Following the announcement that Volkswagen America was going to be expanding its Chattanooga plant to build electric vehicles (EVs), President Trump was delighted. He tweeted: “Congratulations to Chattanooga and Tennessee on a job well done. A big win.”
It was a big win for the president, who invited the CEOs of VW, BMW, and other foreign car manufacturers to the White House in December to persuade them to invest more in the United States. At the same time VW made its announcement at the Detroit Auto Show on Monday, BMW management announced its own expansion plans of its production facilities in the United States. With VW’s financial commitment of $800 million for Tennessee and BMW’s financial commitment of $600 million added to the $340 million VW announced last March for its Chattanooga facility, those two automakers are investing almost $2 billion in their U.S. automobile manufacturing plants. Their expansion plans will require more than 2,000 additional workers, adding to the already robust manufacturing resurgence taking place in the United States.
That resurgence has added nearly 500,000 manufacturing jobs in just the last two years, the most in more than 20 years.
Following the announcement by VW’s CEO Herbert Diess, CEO of Volkswagen AG, his American counterpart, Scott Keogh, CEO of Volkswagen Group of America, added, “We could not be prouder to build the future of mobility here in the United States. We’re known as ‘the peoples’ car’ for a reason, and we plan to build EVs for millions, not millionaires.”
What Keogh didn’t say was that this billion-dollar investment in Tennessee is only a part — a very small part — of VW’s global investment plans. The company has committed $50 billion over the next four years to building or expanding manufacturing facilities in three German cities — Zwickau, Emden, and Hanover — as well as in China, in Anting and Foshan. The company expects to sell worldwide 150,000 EVs in 2020, and a million by 2025.
His careful use of the words “the future of mobility” reflects at least two dynamics shaping the future of the automobile industry: 1) an increasing percentage of vehicles sold in the future will be electric; and 2) an increasing number of them won’t be owned by individuals but by conglomerates offering autonomous vehicles for short-trip use as the public moves away from private ownership.
Part of this view of the future was noted by Tennessee’s Governor Bill Haslam when he said, “The shift toward electric vehicles is a trend that can be seen worldwide, and Volkswagen’s decision to locate its first North American manufacturing in Chattanooga underscores Tennessee’s manufacturing strength and highly-skilled workforce.”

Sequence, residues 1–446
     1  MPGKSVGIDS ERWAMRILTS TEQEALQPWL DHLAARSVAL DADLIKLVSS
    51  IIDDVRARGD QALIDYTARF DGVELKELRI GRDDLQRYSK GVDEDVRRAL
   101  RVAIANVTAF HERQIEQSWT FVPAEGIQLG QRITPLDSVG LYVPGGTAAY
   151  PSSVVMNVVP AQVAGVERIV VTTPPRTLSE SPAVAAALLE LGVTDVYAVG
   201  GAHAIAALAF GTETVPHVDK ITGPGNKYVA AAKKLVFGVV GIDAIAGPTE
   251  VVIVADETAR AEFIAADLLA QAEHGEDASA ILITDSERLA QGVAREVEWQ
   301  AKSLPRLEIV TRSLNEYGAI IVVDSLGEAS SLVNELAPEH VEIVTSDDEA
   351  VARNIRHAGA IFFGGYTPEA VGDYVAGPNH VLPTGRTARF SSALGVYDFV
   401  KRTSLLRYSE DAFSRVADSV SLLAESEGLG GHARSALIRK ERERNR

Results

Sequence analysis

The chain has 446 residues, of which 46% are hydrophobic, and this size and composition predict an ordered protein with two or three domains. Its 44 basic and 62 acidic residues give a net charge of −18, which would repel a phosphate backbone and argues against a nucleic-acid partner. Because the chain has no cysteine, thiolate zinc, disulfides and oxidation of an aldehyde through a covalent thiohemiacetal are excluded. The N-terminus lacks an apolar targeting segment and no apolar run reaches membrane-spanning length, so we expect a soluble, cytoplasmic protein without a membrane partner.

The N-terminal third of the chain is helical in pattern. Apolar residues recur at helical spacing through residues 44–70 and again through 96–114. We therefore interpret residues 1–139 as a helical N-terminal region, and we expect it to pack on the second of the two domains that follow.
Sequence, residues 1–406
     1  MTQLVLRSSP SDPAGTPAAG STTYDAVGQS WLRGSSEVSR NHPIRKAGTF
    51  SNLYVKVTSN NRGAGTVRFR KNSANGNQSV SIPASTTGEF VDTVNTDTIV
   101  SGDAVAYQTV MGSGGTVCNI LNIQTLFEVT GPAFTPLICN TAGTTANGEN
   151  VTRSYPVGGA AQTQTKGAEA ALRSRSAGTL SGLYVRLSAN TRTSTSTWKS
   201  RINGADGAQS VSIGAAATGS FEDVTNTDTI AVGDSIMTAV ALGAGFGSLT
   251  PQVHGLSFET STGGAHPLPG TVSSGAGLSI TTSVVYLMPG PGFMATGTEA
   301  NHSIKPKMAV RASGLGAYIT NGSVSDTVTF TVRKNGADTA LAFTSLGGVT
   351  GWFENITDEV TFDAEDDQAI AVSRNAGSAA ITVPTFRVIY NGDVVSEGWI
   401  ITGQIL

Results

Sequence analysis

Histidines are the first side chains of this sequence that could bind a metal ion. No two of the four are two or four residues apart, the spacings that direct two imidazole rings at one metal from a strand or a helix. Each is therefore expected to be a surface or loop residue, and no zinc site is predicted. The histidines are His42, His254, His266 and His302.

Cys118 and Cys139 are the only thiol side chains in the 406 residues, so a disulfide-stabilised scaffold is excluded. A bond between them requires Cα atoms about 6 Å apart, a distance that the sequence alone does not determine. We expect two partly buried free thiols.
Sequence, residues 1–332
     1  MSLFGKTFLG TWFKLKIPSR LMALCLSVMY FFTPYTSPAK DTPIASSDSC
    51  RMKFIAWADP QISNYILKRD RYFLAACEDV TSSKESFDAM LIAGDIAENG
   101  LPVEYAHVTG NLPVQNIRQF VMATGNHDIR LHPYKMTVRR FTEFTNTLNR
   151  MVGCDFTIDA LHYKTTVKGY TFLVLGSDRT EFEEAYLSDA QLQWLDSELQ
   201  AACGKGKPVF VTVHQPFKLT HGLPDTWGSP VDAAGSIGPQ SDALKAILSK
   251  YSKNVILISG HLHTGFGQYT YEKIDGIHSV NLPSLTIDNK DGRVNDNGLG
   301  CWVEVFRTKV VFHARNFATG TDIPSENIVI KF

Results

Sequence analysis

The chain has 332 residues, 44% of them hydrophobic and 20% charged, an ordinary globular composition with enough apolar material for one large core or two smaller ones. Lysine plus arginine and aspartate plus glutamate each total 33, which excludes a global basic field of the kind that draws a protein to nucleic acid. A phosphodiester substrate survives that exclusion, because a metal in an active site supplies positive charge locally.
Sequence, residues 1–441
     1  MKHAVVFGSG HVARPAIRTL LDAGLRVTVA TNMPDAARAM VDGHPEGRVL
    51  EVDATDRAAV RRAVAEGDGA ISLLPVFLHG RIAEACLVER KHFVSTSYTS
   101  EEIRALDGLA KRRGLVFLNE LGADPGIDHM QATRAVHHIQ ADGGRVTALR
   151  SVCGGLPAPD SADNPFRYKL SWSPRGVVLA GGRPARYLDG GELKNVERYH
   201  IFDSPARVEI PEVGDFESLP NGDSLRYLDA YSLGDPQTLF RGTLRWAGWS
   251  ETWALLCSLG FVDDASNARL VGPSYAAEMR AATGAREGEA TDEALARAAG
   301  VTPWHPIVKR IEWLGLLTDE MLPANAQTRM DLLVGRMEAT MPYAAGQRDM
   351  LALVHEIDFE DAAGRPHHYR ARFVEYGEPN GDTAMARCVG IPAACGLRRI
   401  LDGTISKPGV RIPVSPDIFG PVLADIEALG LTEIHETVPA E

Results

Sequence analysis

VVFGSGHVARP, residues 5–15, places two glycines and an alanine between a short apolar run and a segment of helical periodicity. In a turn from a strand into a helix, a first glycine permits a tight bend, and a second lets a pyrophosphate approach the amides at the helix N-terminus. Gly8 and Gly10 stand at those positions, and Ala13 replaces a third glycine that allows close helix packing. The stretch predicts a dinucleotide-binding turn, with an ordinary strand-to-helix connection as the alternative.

The move also provides an answer to those who think that the technology behind manufacturing will result in massive job layoffs. On the contrary, as technology continues to reduce the cost of building vehicles that require much less maintenance than traditional internal combustion (IC) automobiles, more rather than fewer employees will be needed to build those vehicles. One tends to forget that behind the 1,000 new jobs expected to be needed once the expansion is completed in Chattanooga are thousands of other “ripple effect” jobs needed to supply the expansion. There are already more than 900 such second-tier suppliers in Tennessee, and that number will do nothing but grow in the years ahead.
There are other motivations behind Volkswagen’s move to expand its facilities in the United States. The European Union’s demand that makers build automobiles that emit fewer emissions makes EVs ever more attractive. And VW’s costly scandal over diesel emissions in 2015 (which cost the company $31 billion in fines) has turned top management toward EVs.
On cue, the latest data from China proves the point. Not only is China the world’s largest consumer of automobiles (28 million are sold there annually compared to 17 million in the United States), but the only segment (outside of high-end luxury automobiles) to grow there in 2018 was the electric car segment. Auto sales last year were down 2.8 percent from 2017, which included a 4.1-percent drop in passenger car sales, while the sales of electric vehicles soared by 62 percent.
In its official announcement, VW referred to the “electric mobility future,” which captures its vision and expectations. The most popular car in China is made by VW, sales of which declined by two percent last year. VW (along with General Motors), is banking on the continued growth in demand for EVs and the continued shrinkage in demand for IC-powered vehicles.